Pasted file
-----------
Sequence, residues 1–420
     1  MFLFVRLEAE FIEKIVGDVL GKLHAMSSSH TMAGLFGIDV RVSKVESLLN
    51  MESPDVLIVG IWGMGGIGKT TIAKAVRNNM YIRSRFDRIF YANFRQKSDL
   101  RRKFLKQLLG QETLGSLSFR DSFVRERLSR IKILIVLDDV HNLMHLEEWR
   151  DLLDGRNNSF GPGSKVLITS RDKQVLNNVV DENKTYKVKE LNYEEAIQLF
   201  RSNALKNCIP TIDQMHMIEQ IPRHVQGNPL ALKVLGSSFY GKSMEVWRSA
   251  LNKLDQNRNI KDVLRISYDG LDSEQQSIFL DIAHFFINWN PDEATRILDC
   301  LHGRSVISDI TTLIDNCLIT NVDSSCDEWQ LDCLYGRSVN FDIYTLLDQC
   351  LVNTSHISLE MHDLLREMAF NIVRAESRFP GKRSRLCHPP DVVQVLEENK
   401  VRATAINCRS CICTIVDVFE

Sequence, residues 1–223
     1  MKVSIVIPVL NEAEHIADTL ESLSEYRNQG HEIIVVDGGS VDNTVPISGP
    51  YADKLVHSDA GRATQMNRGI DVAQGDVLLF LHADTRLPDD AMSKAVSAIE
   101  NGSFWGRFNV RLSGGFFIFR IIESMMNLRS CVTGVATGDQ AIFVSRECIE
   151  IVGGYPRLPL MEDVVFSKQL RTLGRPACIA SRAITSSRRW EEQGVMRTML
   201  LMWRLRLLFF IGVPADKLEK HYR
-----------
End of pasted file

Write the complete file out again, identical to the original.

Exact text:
Sequence, residues 1–420
     1  MFLFVRLEAE FIEKIVGDVL GKLHAMSSSH TMAGLFGIDV RVSKVESLLN
    51  MESPDVLIVG IWGMGGIGKT TIAKAVRNNM YIRSRFDRIF YANFRQKSDL
   101  RRKFLKQLLG QETLGSLSFR DSFVRERLSR IKILIVLDDV HNLMHLEEWR
   151  DLLDGRNNSF GPGSKVLITS RDKQVLNNVV DENKTYKVKE LNYEEAIQLF
   201  RSNALKNCIP TIDQMHMIEQ IPRHVQGNPL ALKVLGSSFY GKSMEVWRSA
   251  LNKLDQNRNI KDVLRISYDG LDSEQQSIFL DIAHFFINWN PDEATRILDC
   301  LHGRSVISDI TTLIDNCLIT NVDSSCDEWQ LDCLYGRSVN FDIYTLLDQC
   351  LVNTSHISLE MHDLLREMAF NIVRAESRFP GKRSRLCHPP DVVQVLEENK
   401  VRATAINCRS CICTIVDVFE

Sequence, residues 1–223
     1  MKVSIVIPVL NEAEHIADTL ESLSEYRNQG HEIIVVDGGS VDNTVPISGP
    51  YADKLVHSDA GRATQMNRGI DVAQGDVLLF LHADTRLPDD AMSKAVSAIE
   101  NGSFWGRFNV RLSGGFFIFR IIESMMNLRS CVTGVATGDQ AIFVSRECIE
   151  IVGGYPRLPL MEDVVFSKQL RTLGRPACIA SRAITSSRRW EEQGVMRTML
   201  LMWRLRLLFF IGVPADKLEK HYR